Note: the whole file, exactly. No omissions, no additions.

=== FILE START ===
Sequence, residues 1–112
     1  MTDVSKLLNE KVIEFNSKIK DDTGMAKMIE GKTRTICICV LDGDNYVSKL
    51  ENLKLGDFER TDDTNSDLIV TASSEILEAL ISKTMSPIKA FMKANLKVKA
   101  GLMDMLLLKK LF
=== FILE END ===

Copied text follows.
Sequence, residues 1–112
     1  MTDVSKLLNE KVIEFNSKIK DDTGMAKMIE GKTRTICICV LDGDNYVSKL
    51  ENLKLGDFER TDDTNSDLIV TASSEILEAL ISKTMSPIKA FMKANLKVKA
   101  GLMDMLLLKK LF